Nanny McPhee

  • Directors: Kirk Jones
  • Producers: Lindsay Doran, Tim Bevan, Eric Fellner
  • Writers: Screenplay, Emma Thompson, Books, Christianna Brand
  • Genres: Comedy, Family, Fantasy
  • Actors: Emma Thompson, Colin Firth, Angela Lansbury, Imelda Staunton, Kelly Macdonald, Thomas Sangster, Eliza Bennett, Jennifer Rae Daykin, Holly Gibbs

Taking place in 19th century England, widower and undertaker 41-year-old Cedric Brown (Colin Firth) has seven children: 12-year-old Simon (Thomas Sangster), 10-year-old Tora (Eliza Bennett), 9-year-old Lily (Jennifer Rae Daykin), 8-year-old Eric (Raphaël Coleman), 7-year-old Sebastian (Samuel Honywood ), 5-year-old Christianna (Holly Gibbs) and 1-year-old Aggie (Hebe Barnes and Zinnia Barnes). He loves his children very much, but spends little time with them, unable to handle raising them all on his own. The children have had a series of seventeen nannies, whom they systematically drive out; it is a point of pride for them to get rid of each nanny as fast as possible. They also terrorize the cook, Mrs. Blatherwick (Imelda Staunton) but are cared for and loved by Evangeline (Kelly Macdonald), the young scullery maid.

Cedric attempts to hire another nanny from the agency that sent the past seventeen nannies, but the agency refuses him, as the children have sent the past nannies away, terrorized. Desperate to find another nanny, Cedric heeds the advice of a mysterious voice from the house, which says, “the person you need is Nanny McPhee.” After a series of mysterious events, an unusual and hideous woman named Nanny McPhee (Emma Thompson) arrives at Brown home, introducing herself as a “government nanny”. With discipline and magic, she transforms the family’s lives. In the process, she herself transforms from ugly to beautiful. The children, led by Simon, attempt to play their tricks on her, but gradually start to respect her and ask her for advice. They change into responsible people, helping their hapless father in solving the family problems, and making Nanny McPhee less and less needed. (The storyline is, at this point, very similar to Mary Poppins).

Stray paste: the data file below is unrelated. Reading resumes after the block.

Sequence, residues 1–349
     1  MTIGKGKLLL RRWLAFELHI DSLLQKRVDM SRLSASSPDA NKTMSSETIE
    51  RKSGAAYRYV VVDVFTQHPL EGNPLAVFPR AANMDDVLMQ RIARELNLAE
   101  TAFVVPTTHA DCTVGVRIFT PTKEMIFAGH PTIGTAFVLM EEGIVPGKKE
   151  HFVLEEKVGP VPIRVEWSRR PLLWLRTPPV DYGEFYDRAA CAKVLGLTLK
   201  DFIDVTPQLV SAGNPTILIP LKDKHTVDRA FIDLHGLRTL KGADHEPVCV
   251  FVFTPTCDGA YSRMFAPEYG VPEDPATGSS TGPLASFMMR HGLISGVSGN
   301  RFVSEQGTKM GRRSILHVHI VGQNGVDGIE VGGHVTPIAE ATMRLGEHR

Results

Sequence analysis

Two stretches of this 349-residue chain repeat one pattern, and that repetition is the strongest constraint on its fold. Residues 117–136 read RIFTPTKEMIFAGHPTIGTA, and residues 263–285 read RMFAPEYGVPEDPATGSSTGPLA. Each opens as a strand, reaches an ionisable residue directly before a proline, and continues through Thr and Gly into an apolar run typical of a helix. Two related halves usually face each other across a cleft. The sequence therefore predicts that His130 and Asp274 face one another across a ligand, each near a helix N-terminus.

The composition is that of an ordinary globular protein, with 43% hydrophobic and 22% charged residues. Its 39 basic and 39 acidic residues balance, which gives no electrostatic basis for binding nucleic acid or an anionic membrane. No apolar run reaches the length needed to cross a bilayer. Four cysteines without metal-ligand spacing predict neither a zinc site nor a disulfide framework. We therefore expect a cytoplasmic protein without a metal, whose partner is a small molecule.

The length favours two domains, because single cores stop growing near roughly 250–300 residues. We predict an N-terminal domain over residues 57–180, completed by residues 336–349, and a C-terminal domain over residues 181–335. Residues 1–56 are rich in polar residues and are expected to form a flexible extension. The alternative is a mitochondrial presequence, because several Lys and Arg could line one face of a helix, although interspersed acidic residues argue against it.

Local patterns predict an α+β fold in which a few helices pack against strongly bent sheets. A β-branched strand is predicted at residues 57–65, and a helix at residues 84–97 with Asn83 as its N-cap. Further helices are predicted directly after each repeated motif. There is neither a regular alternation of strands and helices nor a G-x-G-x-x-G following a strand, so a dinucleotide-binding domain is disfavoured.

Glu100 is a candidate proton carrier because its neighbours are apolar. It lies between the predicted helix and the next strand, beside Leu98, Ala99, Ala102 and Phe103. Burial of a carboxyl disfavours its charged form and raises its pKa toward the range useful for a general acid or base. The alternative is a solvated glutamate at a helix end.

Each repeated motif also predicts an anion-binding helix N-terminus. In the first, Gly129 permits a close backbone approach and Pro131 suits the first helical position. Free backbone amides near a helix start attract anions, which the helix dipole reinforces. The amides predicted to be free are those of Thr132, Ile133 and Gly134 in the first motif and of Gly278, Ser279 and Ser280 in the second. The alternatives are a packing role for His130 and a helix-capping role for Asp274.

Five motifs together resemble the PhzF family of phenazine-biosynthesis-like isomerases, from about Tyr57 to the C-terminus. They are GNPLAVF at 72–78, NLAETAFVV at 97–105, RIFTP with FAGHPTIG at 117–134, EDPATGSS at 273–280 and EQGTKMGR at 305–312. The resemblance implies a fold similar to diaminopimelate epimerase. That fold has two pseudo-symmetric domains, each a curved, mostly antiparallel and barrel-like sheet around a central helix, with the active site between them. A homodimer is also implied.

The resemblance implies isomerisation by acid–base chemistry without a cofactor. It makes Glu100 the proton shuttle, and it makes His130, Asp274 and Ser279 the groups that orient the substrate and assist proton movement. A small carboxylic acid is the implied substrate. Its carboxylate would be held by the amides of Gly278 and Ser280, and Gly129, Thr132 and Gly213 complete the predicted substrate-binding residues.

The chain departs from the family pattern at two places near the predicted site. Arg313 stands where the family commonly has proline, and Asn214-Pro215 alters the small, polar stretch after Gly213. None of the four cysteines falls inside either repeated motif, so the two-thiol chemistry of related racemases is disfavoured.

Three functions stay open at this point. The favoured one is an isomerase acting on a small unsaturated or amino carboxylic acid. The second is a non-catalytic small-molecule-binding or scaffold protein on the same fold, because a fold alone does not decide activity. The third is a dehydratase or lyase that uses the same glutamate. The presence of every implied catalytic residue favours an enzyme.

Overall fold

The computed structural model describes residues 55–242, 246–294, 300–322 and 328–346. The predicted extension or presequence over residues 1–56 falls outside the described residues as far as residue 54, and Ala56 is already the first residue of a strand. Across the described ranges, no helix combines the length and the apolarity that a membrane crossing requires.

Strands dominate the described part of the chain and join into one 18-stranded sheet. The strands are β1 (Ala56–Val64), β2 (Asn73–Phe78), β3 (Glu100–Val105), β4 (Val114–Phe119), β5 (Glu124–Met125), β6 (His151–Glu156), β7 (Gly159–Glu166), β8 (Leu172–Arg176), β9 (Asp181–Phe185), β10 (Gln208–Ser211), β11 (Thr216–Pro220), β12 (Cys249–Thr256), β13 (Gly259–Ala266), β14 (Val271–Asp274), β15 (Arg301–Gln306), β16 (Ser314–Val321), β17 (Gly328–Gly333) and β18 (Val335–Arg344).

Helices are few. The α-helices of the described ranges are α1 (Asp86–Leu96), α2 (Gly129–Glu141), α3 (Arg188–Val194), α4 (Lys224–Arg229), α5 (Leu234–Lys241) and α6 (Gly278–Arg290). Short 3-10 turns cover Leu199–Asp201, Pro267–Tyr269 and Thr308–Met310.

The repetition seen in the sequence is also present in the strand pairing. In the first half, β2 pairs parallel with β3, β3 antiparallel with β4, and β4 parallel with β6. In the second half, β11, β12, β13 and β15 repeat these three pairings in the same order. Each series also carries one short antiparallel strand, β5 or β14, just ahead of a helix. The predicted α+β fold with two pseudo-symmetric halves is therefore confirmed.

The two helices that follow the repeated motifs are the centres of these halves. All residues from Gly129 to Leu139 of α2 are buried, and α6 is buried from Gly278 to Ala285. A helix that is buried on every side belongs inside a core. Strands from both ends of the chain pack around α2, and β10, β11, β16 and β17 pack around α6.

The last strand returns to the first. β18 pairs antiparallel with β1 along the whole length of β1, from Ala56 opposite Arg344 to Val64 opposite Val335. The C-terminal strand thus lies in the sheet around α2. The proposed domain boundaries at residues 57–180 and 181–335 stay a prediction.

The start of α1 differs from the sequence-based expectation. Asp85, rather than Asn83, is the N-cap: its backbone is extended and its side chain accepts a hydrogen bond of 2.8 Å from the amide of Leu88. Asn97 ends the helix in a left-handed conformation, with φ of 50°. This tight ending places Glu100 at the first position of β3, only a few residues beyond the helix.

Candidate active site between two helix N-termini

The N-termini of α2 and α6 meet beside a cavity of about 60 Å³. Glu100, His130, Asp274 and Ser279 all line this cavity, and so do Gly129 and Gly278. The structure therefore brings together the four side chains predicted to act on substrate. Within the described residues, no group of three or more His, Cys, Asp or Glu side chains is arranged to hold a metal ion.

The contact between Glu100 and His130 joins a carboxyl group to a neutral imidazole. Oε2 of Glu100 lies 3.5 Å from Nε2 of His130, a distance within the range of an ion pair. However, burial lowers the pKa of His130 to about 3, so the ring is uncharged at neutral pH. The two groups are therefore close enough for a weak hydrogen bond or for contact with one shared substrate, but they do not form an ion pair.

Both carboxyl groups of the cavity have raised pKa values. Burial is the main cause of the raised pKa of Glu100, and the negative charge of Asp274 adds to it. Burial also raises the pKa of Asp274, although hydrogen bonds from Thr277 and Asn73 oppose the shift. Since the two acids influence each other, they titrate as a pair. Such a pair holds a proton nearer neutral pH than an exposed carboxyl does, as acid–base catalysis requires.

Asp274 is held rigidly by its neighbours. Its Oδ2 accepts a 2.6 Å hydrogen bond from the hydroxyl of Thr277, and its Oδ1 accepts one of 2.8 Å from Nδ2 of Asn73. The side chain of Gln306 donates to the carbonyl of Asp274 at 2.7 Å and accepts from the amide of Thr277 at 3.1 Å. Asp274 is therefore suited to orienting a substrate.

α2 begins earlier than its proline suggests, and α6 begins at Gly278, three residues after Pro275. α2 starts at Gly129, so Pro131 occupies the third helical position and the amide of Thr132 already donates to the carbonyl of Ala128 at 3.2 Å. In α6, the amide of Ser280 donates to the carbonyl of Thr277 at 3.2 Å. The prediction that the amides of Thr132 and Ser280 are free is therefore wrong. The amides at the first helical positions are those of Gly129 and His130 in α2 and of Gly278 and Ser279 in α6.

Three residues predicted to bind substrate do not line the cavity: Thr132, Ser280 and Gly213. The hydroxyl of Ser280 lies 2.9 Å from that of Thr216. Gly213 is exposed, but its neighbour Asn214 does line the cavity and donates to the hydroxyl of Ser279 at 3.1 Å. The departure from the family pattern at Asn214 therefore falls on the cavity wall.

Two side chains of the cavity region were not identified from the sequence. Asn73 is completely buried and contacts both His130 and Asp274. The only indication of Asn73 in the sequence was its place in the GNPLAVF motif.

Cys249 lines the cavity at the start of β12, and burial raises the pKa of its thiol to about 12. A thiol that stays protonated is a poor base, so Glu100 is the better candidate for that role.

Interestingly, not all of the lessons are for the children. In addition, the last one can vary depending on interpretation.

Everybody s Fine

  • Directors: Kirk Jones
  • Producers: Gianni Nunnari, Ted Field, Vittorio Cecchi Gori, Glynis Murray
  • Writers: Kirk Jones
  • Genres: Adventure, Comedy, Drama
  • Actors: Robert De Niro, Drew Barrymore, Kate Beckinsale, Sam Rockwell, Katherine Moennig

After visiting his physician and being warned about his health, Frank Goode (Robert De Niro) takes a train to New York, where he sits on his son David’s doorstep. David never shows up, but Frank sees one of David’s paintings in a nearby art gallery window. He slips an envelope under David’s door.

Next visit is to daughter Amy (Kate Beckinsale), who says it’s a bad time to visit. Frank plays a little golf with grandson Jack, but dinner is uncomfortable with tension between Jack and his father. The next morning, Frank accompanies Amy to her fancy office and hears her agency’s pitch for a TV ad. She takes him to the bus station to visit Robert.